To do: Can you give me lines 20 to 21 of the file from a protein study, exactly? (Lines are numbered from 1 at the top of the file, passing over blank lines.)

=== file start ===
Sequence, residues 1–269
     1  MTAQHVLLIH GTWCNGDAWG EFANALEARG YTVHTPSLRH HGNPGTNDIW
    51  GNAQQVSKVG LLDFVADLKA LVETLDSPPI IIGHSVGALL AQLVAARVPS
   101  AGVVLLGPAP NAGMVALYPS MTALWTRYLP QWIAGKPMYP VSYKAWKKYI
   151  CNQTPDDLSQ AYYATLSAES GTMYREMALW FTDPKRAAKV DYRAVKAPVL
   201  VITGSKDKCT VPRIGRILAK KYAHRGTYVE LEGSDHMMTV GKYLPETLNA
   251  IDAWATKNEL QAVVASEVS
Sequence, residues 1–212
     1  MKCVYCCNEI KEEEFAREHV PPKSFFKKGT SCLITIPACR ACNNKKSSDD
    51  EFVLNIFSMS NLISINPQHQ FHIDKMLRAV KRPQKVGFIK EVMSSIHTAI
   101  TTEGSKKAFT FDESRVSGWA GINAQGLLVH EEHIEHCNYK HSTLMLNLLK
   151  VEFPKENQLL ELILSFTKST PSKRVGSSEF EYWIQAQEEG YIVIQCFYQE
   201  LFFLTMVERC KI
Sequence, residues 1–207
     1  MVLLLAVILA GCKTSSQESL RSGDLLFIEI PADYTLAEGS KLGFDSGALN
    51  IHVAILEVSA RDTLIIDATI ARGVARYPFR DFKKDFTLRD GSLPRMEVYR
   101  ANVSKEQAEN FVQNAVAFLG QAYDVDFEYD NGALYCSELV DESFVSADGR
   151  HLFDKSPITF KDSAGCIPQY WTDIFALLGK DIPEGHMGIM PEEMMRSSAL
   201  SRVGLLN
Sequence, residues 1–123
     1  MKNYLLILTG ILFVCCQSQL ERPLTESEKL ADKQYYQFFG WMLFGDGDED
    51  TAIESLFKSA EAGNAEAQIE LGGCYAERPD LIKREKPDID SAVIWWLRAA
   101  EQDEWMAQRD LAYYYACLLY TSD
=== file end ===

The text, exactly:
Sequence, residues 1–123
     1  MKNYLLILTG ILFVCCQSQL ERPLTESEKL ADKQYYQFFG WMLFGDGDED